Veh. Code, § 670 [“A ‘vehicle’ is a device by which any person or property may be propelled, moved, or drawn upon a highway, excepting a device moved exclusively by human power or used exclusively upon stationary rails or tracks.”].Footnote 5
Clingenpeel v. Municipal Court (1980) 108 Cal.App.3d 394, 399.Footnote 6
Vehicle Code, § 23152.Footnote 7
CALCRIM No. 2110; Vehicle Code, § 23152, subds. (a), (f); see also Health & Saf. Code, § 11550; People v. Schoonover (1970) 5 Cal.App.3d 101, 105.Footnote 8
Henslee v. Dep’t of Motor Vehicles (1985) 168 Cal.App.3d 445, 451–452; Padilla v. Meese (1986) 184 Cal.App.3d 1022, 1029.Footnote 9
In re Queen T. (1993) 14 Cal.App.4th 1143, 1145 [“Minor’s act of steering the car, although she was not operating the accelerator or brakes, renders her a ‘driver’ within the meaning of sections 305 and 23153.”].Footnote 10
Music v. Dep’t of Motor Vehicles (1990) 221 Cal.App.3d 841, 850 [“[I]f the driver does not move the vehicle in the officer’s presence at least a few inches, the offense of driving under the influence has not occurred in the officer’s presence. Any ensuing warrantless arrest is invalid”].Footnote 11
Vehicle Code, § 312.Footnote 12
People v. Olive (2001) 92 Cal.App.4th Supp. 21, 26.Footnote 13
See People v. Torres (2009) 173 Cal.App.4th 977, 983 [“To be guilty of driving while under the influence of drugs in violation of Vehicle Code section 23152, subdivision (a), ‘”the . . . drug(s) must have so far affected the nervous system, the brain, or muscles [of the individual] as to impair to an appreciable degree the ability to operate a vehicle in a manner like that of an ordinarily prudent and cautious person in full possession of his faculties. It is not enough that the drug could impair an individual’s driving ability or that the person is under the influence to some detectable degree. Rather, the drug must actually impair the individual’s driving ability.”], quoting People v. Canty (2004) 32 Cal.4th 1266, 1278; People v. Enriquez (1996) 42 Cal.App.4th 661, 665–666.Footnote 14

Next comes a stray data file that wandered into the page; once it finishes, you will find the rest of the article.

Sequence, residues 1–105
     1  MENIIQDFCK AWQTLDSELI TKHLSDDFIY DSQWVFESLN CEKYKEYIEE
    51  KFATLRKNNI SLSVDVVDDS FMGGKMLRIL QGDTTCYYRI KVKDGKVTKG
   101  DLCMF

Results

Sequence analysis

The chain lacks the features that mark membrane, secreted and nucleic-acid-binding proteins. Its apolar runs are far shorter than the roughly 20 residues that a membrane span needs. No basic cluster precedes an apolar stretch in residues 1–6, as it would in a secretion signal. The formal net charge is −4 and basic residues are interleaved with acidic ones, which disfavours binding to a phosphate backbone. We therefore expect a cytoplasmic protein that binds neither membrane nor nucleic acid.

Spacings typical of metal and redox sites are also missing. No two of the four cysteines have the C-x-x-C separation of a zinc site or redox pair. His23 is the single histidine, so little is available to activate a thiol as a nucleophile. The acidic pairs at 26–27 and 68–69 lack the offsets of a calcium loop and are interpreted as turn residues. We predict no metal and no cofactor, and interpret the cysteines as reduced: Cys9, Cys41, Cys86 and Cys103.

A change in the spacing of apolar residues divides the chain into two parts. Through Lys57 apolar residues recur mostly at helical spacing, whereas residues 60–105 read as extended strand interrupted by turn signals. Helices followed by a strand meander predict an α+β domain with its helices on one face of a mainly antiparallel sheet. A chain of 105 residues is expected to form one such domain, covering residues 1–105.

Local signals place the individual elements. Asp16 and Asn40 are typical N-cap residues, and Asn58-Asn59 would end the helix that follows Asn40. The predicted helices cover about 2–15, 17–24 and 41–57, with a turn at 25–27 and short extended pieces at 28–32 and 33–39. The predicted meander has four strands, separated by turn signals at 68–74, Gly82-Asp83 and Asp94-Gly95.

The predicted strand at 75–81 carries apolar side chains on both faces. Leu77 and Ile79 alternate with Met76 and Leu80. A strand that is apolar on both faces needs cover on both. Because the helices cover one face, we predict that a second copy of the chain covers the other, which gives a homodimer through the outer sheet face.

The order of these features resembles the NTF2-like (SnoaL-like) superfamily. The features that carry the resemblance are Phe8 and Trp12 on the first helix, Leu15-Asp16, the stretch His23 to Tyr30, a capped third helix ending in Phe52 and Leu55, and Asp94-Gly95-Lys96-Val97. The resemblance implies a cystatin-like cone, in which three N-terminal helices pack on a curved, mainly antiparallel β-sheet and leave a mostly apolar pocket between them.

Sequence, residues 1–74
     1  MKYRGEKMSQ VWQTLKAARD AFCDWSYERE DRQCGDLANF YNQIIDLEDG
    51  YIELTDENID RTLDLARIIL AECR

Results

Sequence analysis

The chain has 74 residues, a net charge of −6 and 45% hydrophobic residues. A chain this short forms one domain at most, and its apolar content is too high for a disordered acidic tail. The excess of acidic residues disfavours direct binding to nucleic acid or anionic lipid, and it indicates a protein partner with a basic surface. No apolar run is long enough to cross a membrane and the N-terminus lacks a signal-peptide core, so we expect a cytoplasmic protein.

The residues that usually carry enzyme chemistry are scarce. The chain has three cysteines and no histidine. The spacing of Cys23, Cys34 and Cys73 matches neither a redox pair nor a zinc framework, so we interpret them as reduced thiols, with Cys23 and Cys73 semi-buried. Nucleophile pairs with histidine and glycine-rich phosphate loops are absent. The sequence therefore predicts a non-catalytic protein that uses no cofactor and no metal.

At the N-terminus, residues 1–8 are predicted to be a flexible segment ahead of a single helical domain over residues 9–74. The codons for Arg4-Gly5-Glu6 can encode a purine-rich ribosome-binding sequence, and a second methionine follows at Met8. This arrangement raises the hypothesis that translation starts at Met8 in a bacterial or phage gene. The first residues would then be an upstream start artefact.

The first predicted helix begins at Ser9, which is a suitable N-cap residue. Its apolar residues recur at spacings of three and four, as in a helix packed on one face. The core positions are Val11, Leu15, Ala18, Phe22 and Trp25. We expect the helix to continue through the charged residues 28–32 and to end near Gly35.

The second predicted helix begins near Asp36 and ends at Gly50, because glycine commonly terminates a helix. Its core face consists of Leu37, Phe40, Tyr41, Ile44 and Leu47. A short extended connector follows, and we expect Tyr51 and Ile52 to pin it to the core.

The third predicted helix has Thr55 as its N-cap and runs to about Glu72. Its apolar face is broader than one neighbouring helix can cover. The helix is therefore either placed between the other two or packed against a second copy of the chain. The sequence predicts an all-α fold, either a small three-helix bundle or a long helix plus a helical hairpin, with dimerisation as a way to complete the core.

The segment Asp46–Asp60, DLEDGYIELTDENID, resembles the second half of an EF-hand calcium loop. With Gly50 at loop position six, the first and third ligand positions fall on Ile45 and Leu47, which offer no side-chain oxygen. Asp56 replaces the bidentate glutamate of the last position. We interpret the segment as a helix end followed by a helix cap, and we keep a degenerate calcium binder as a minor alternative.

Vehicle Code, § 23152, subd. (g) [“It is unlawful for a person who is under the combined influence of any alcoholic beverage and drug to drive a vehicle.”].Footnote 15
See Vehicle Code, § 23152.Footnote 16
People v. Canty (2004) 32 Cal.4th 1266, 1278–1279 [“Driving while under the influence of drugs involves a greater impairment of an individual’s faculties, and in that respect is not ‘similar’ to being merely under the influence of drugs.”].Footnote 17
Vehicle Code, § 23536.Footnote 18
Veh. Code, §§ 23103, 23103.5.Footnote 19
Veh. Code, § 23152.Footnote 20
Veh. Code, § 23153.Footnote 21
Veh. Code, § 23540.Footnote 22
Veh. Code, §§ 23103, 23103.5.Footnote 23
Veh. Code, § 23152.Footnote 24
Veh. Code, § 23153.Footnote 25
Veh. Code, § 23546.Footnote 26
Veh. Code, §§ 23103, 23103.5.Footnote 27
Veh. Code, § 23152.Footnote 28
Veh. Code, § 23153.Footnote 29
Veh. Code, § 23550.Footnote 30
But it could be circumstantial evidence that the driver had committed DUI if there is proof that the driver was operating a vehicle for a significant portion of time before the drug test.Footnote 31
See Evid. Code, §§ 801, §802 [providing specific rules governing expert witnesses].Footnote 32
But it is a DUI to drive back.Footnote 33
People v. Cruz (1978) 83 Cal.App.3d 308, 313 [“Unconsciousness due to involuntary intoxication is recognized as a complete defense to a criminal charge.”].Footnote 34
Patterson v. New York (1977) 432 U.S. 197, 210.Footnote 35
Veh. Code, § 23152.Footnote 36
Although there might be an available conviction for a different crime.Footnote 37